real estate

How to navigate a short sale

  • A list of liens. There may be more than one, so determine how many liens are on the property. The good news is that since late 2008, the IRS has been willing to release a federal tax lien. The IRS is not forgiving the back taxes that homeowners owe; it is just no longer requiring that the lien be paid off before the property can be sold. And a single mortgage lien is an easy problem to solve.

If there are first and second mortgage liens, the question becomes: What's the plan to satisfy these lien holders? The seller and the real estate agent should have a plan that is more sophisticated than crossing their fingers, Thompson says. In the best of all possible worlds, the seller will be willing to contribute to paying off the second lien, so the first lien holder gets the full amount from the sale.

If there is a third mortgage lien, reaching any deal is very iffy. Deal killers include child support liens, state tax liens and homeowners association liens. If they exist and there are no obvious solutions, walk away, Thompson says.

Here's one more deal killer, something that can be difficult to sleuth out, says Thompson. Because a short sale generally doesn't cover the whole amount owed or other liens, it can trigger mortgage insurance. If the property is covered by a mortgage insurance policy that doesn't have to pay off until the home has been in foreclosure for 150 days or some similar length of time, chances are the insurer will hold up the sale because it won't want to pay any earlier than necessary and hopes the foreclosure will just disappear. Often the mortgage insurer will simply go silent. Thompson says: No response, no approval. (Bankrate offers several articles on the topic of foreclosure.)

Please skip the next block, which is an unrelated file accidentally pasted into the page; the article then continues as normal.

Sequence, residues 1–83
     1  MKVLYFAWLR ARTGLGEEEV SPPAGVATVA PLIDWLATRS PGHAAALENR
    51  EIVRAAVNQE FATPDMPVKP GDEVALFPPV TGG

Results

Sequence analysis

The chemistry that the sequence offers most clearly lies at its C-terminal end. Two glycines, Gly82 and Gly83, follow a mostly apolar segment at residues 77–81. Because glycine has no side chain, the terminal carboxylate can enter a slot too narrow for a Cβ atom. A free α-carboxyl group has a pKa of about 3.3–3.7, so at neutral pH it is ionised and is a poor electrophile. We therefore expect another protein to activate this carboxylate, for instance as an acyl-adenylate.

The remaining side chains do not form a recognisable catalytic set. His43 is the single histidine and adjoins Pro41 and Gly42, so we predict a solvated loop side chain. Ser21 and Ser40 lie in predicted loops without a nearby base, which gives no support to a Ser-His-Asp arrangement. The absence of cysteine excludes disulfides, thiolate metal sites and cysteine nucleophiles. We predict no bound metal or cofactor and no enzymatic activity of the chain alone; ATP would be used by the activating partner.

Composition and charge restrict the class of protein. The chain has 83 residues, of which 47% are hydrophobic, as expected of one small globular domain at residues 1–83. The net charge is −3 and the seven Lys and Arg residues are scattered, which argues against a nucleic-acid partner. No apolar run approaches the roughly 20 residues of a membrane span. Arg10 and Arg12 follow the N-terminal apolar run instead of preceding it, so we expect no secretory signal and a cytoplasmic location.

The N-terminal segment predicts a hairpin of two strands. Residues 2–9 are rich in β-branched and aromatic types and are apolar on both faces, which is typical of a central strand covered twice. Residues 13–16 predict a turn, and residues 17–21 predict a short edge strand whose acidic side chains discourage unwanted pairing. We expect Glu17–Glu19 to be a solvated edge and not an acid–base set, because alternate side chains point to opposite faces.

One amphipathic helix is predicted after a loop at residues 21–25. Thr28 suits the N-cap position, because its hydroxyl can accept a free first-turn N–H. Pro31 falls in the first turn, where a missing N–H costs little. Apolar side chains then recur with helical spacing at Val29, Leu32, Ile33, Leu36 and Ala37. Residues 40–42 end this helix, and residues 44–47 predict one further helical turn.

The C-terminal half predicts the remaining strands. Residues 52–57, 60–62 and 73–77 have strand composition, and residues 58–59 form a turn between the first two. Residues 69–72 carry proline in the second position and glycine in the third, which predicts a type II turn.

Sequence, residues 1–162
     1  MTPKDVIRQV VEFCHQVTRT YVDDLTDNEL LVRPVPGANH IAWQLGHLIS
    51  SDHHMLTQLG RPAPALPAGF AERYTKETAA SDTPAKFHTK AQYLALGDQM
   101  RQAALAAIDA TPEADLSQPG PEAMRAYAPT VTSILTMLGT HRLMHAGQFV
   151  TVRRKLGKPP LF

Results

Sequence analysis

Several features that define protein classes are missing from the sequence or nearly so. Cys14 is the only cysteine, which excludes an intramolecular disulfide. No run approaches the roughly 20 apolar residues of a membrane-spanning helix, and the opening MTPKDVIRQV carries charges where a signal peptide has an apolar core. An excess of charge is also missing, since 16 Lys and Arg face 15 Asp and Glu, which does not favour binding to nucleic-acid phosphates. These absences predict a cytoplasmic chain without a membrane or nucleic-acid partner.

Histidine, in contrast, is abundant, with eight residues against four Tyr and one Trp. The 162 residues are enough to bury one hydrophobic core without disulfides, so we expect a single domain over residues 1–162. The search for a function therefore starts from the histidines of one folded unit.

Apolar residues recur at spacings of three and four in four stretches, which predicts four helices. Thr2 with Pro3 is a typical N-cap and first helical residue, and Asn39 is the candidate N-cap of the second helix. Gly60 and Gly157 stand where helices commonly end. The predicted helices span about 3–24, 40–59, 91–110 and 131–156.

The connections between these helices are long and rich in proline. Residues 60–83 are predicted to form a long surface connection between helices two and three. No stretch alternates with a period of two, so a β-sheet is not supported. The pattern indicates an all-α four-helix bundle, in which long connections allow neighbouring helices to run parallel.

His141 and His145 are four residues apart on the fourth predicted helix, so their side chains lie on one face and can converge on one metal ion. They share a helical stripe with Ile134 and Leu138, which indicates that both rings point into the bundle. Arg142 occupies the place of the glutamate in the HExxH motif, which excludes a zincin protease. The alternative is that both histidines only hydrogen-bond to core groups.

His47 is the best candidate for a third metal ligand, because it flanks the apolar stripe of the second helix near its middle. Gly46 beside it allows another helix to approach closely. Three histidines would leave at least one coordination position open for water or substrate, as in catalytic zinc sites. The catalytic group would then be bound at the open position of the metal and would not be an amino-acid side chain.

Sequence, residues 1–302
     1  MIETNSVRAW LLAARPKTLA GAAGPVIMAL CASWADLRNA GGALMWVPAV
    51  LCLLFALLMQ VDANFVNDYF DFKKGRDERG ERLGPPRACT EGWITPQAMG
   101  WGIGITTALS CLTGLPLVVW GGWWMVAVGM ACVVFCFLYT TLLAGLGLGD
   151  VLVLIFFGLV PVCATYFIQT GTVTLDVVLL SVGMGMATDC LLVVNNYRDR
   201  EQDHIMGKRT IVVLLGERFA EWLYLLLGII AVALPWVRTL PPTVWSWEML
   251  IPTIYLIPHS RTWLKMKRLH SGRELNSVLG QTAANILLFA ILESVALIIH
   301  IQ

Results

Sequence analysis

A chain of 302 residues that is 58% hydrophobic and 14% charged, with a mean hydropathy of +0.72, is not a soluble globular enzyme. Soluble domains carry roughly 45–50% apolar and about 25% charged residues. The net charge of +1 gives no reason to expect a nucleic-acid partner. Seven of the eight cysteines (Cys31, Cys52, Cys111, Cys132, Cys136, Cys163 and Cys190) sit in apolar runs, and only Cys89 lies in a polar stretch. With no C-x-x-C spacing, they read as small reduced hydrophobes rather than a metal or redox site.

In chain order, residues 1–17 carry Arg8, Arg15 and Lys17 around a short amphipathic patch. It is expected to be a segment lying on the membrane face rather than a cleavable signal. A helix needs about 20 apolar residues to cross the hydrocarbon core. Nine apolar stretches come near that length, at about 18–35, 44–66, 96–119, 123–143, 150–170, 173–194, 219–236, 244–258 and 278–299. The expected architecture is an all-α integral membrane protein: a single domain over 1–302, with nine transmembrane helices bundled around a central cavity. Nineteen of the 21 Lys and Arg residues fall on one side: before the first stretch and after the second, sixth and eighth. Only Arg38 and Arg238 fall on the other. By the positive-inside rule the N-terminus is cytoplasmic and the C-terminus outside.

Be realistic

The bottom line: Don't choose a short sale if you're in a hurry.

"It's a waiting game," says Vidal.

Part of what slows down short sales is buyers' insistence on making really lowball offers, she says. "You get really crazy, ridiculously low offers -- and they are rejected."

Another factor is the increasing number of government programs aimed at keeping people in their homes -- about 50 percent of defaults never go as far as foreclosure, according to the Mortgage Bankers Association. So lenders see short sales as potentially the least attractive option and aren't willing to expedite them.

How can a potential short-sale buyer be protected from getting involved in an extended negotiation that doesn't go anywhere in the end? Thompson says you should negotiate an agreement with the seller and the seller's real estate agent that your offer will be the only one presented to the lender. If the lender isn't flooded with offers, it will be more motivated to move forward. If the lender turns down the offer without countering, then the restriction disappears.

Once you've crafted a deal, you better know where the money is coming from to close. If you're getting a loan, you need bank approval in advance.

As is true with any of these deals -- REOs, short sales, foreclosure auctions -- make sure you have money lined up. Cash is the best financing alternative in these cases.

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